AN OPEN LETTER TO ALL THE FELLOWS OF THE AMERICAN SECTION OF THE THEOSOPHICAL SOCIETY*
Having learnt that an ex-Fellow of the Theosophical Society, Mr. Michael-Angelo Lane, is going about the United States spreading false and malicious reports about the Society he once belonged to, its founders, officers, and especially about the undersigned; I, H. P. Blavatsky, give herewith the true history of our acquaintance with Mr. M. A. Lane. Were there not an ocean between us, and did each Fellow know me personally, there would be no need of this letter. As, however, Mr. Lane is going about among you, from one city to the other, trying to destroy your confidence in all of us, the case is too serious to leave it unnoticed. Already he has succeeded in persuading several of the most honourable Theosophists to break with the Society. If it were only a question of myself, whom he represents as an old fraud “who will wear herself out,” his falsehoods would little matter; but he aims at and threatens something immensely higher and more important than myself; namely—the Theosophical Society, and the idea of universal brotherhood, which he denies to it, because it is absent from a few personalities. Therefore it is absolutely necessary to show those whom he tries to pervert what kind of a character they believe in.
The first time that Mr. Lane’s name was brought to my notice, was last year, in October, by Mr. W. Q. Judge, when
* [Originally published as a four-page pamphlet, and printed by A. Bonner, 34 Bouverie St., London E.C. It bears no date, but, to judge by its contents, belongs to the end of 1889.—Compiler.]
he came to England. At what time, or when, Mr. Lane joined the Theosophical Society is unknown to me, but it must have been in 1883 or 1884, as I gather that he was in correspondence with Mr. Damodar Mavalankar, who left India for Tibet at the very beginning of 1885, when I myself finally left Madras for Europe. It follows then, that I had never seen him till the present year, nor heard of him in any way calculated to draw my attention, especially as from March, 1884, I was in Europe up to December of that year, and knew nothing of the said correspondence.
Mr. Judge seemed most friendly to Mr. Lane, and tried hard to awaken sympathy for him in me, by arguing that since Mr. Lane received a letter (or letters) from a Master, he must be a good man and Theosophist. To this I objected, replying that as I had never heard, nor knew anything about any one of the Masters favouring Mr. Lane with their correspondence, I could not say whether the said letter (or letters) was genuine. Mr. Judge said he thought so; but being very busy, I paid little attention to the plea. I write this from my best recollections, one among which remains always distinct and vivid: I felt every time Mr. Lane's name was mentioned a cold disagreeable sensation in me, which I could not conquer, but which, as Mr. Judge seemed so friendly to his correspondent, I did not speak of. Beyond a passive resistance to his plea, to write and answer myself some letter with questions he had received from Mr. Lane, I have always avoided hurting Mr. Judge's feelings by a direct refusal to do so, for I saw he thought me very heartless not to take any notice of such an earnest young man. Finally, before returning to America, Mr. Judge left the said "Lane letters" made up in a small package on my desk. There they remained untouched for months, until finally, stored away probably with other papers, they disappeared. I have never opened, not even touched them; I could not, for they seemed to repel me whenever my eye fell upon them.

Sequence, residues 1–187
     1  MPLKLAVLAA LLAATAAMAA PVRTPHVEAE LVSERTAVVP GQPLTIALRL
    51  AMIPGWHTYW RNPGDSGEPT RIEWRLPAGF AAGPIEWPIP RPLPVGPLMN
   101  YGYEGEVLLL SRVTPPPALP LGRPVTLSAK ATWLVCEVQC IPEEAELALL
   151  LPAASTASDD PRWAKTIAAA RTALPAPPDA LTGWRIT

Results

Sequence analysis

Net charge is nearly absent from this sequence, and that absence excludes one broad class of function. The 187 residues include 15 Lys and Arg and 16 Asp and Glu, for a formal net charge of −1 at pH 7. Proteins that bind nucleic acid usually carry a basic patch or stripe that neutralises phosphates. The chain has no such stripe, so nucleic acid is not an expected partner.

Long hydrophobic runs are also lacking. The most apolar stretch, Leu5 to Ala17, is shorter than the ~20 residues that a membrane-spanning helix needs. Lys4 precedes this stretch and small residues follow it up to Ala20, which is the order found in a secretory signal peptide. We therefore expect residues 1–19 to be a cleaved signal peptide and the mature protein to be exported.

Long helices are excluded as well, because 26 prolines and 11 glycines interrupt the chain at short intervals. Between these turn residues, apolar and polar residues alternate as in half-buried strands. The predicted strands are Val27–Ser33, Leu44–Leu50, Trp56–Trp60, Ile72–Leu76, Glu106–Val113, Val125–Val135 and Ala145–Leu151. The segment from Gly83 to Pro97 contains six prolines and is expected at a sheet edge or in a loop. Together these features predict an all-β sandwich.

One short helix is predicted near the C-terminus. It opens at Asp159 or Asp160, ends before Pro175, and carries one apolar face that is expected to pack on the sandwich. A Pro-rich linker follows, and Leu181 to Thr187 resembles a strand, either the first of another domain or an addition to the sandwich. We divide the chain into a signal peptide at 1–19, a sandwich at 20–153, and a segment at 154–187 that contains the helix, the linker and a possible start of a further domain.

But I believe that even Mr. Judge knew M. A. Lane only through correspondence, until the latter came to work with him in the Path office in April last. For on the 8th of that month Mr. Judge wrote to me of his “new man and friend,” a mystic who had once gone to India but never reached it,
and who was “a good young man,” desirous of working for the Theosophical Society with all his soul. Then on the 25th of April I received Mr. Lane’s application for the Theosophical Society, with Mr. Judge’s recommendation. My first feeling was to refuse. It was just after Dr. E. Coues’ treacherous and false joint letter in the R. P. J., wherein he tried to father upon me a deception and a lie, and I knew that the “good young man” was en rapport with my enemies. But no sooner had I decided to reject the application than I was advised to accept him on probation, as his true character would be made to appear before three months were over. I did as I was ordered. Then came letters expressing Mr. Lane's desire of coming to London to work with us. I did not like the idea, yet since I was told to do so, I even telegraphed to him to come.
From the moment he set foot in England his behaviour was very extraordinary. Instead of coming direct to London, he went “travelling” without even notifying us of his arrival, until we heard he was in Dublin, trying “mildly” to upset our Fellows of the Dublin Lodge with “his cynical and sceptical remarks,” as was said in a letter. He failed in this, and finally came to London. Then began an unspoken drama of systematic day-by-day treachery which deceived everyone in the house excepting myself, since I had been doubly warned from India and from America.